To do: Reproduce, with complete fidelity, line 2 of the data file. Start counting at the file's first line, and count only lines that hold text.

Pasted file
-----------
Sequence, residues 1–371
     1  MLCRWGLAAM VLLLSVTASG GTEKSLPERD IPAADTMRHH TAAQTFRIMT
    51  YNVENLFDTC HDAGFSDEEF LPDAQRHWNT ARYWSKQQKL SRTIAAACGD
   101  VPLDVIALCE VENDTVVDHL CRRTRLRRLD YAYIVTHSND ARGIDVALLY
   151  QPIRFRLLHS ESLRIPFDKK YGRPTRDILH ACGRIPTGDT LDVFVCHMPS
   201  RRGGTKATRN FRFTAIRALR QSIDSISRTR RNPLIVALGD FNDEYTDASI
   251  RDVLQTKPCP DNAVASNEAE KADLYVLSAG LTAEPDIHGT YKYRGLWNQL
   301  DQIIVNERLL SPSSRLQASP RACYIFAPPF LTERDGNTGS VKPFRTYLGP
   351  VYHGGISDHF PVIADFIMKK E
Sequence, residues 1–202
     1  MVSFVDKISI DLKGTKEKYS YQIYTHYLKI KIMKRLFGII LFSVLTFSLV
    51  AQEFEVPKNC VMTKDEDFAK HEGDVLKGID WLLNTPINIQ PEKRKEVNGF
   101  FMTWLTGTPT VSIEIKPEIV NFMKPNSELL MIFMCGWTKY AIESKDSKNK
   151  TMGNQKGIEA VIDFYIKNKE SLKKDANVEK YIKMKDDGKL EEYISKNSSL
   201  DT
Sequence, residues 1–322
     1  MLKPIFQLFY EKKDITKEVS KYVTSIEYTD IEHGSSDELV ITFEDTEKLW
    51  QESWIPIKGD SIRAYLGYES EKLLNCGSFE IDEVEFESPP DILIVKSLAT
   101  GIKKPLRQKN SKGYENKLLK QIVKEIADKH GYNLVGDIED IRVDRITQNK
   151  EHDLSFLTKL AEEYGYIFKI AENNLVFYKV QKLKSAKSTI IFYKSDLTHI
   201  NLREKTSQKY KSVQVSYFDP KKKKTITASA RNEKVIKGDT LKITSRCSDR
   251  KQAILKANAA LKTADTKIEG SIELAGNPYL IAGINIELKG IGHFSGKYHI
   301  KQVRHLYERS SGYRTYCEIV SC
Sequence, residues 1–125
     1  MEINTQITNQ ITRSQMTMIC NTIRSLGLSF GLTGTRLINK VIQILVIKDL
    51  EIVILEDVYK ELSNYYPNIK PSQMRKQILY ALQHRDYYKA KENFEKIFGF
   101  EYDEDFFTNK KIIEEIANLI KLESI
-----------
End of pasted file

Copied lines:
     1  MLCRWGLAAM VLLLSVTASG GTEKSLPERD IPAADTMRHH TAAQTFRIMT